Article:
Gotham’s finest

I used to believe that I wasn’t cut out for writing fiction.

That was until I did an online writing course at the Gotham Writers’ Workshop.

(I should point out that I am as yet unpublished as a fiction writer, so for all I know I’m utterly shite at it).

I wanted to try my hand at fiction because, after spending a year and a half researching and writing about death, I needed a break. I wanted to have some fun.

With a hefty dose of encouragement (and heftier dose of nagging) from hubby, I found the Gotham Writers’ Workshop and signed up for one of their online courses in writing science fiction and fantasy.

Best. Thing. Ever.

It might seem strange that, despite being a voracious reader of fiction since a very early age, I had really never thought about what is involved in actually writing the stuff. I had no idea that there was this thing called a ‘plot’, and of equal importance are the setting and the characters.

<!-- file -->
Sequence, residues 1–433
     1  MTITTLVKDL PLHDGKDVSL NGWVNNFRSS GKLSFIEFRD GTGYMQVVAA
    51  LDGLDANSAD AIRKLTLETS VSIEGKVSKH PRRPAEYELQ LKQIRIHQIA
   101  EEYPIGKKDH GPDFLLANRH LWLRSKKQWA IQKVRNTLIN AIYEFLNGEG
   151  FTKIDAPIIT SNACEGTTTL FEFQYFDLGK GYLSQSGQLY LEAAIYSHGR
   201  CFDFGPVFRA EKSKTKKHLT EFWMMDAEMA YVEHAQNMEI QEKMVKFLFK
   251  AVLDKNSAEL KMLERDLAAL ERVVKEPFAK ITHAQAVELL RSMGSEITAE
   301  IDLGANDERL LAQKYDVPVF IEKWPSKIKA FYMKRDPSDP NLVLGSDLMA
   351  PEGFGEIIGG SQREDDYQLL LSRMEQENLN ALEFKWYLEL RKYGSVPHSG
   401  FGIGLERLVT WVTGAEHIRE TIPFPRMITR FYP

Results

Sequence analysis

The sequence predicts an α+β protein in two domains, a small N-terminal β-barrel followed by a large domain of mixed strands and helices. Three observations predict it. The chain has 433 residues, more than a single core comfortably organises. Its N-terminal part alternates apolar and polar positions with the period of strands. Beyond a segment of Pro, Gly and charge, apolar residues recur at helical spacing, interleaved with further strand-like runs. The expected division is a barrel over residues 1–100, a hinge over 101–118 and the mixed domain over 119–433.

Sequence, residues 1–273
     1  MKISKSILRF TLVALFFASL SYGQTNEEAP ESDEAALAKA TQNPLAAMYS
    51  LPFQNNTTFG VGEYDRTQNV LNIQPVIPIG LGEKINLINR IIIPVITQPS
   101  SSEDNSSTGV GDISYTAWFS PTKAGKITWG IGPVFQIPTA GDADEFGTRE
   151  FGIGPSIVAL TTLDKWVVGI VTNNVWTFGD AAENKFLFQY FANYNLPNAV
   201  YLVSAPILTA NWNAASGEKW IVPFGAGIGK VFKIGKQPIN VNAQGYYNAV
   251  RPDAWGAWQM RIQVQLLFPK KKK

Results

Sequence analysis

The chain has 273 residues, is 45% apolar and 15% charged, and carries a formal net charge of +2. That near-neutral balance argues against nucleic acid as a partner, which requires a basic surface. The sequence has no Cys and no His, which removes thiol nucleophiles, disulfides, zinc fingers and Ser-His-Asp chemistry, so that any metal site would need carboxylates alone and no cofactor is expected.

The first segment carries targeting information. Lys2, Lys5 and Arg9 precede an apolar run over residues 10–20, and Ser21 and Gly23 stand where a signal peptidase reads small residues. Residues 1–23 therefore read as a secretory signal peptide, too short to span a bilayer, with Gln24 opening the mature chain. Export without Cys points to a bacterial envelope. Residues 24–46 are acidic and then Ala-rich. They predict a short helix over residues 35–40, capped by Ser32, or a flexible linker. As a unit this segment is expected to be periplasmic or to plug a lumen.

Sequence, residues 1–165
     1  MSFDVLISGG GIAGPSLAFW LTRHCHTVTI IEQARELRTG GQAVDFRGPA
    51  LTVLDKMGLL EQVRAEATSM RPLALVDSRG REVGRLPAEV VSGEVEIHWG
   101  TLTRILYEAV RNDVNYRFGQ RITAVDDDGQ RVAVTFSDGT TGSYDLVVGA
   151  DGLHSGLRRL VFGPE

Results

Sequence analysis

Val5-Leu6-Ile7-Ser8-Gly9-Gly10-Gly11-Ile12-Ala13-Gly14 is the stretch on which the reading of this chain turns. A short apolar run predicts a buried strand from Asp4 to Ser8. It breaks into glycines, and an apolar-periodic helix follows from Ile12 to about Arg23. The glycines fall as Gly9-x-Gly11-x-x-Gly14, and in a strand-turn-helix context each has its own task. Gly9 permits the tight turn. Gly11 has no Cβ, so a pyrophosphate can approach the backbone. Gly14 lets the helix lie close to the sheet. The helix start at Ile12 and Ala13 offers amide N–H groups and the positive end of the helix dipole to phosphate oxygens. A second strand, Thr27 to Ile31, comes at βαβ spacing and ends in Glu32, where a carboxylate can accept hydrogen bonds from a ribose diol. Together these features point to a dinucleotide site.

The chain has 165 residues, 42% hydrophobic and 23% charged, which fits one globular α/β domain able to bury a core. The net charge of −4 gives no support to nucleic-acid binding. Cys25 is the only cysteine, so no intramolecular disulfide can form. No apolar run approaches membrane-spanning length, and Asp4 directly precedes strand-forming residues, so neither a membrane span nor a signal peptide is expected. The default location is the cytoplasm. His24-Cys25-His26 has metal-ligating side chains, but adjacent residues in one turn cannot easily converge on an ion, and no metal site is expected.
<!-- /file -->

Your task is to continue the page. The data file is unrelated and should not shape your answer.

If I’d thought about it enough, I might have realised this over time, but I’ve never really been a critical reader. I read the way a starving person eats – quickly, hungrily, skipping boring bits, racing to the finish line.

Occasionally, a book will grip me so tightly that I’m forced to slow down and read every word (William Least Heat Moon’s Blue Highways springs to mind as one example, and anything written by the inimitable Terry Pratchett).

So it was something of a revelation to discover the extraordinary complexity that goes into making a work of fiction. And I have Gotham to thank for that.

Their courses are great. There’s a major practical component, you get homework (cue adult nerdgasm), and at least twice in the ten weeks, you have to present something you have written yourself for the class to critique.

That was the other, equally useful thing I learned from Gotham – how to read critically. Before Gotham, I thought solely in terms of ‘like’ or ‘dislike’. Now I ask myself ‘why?’. It’s a very important step because it has also made me read my own writing critically.

Some people are just natural at writing fiction, and have found their way to it without external assistance. I am not one of those people, and if you’re in my camp but are thinking of dabbling in fiction, give Gotham’s finest a look.

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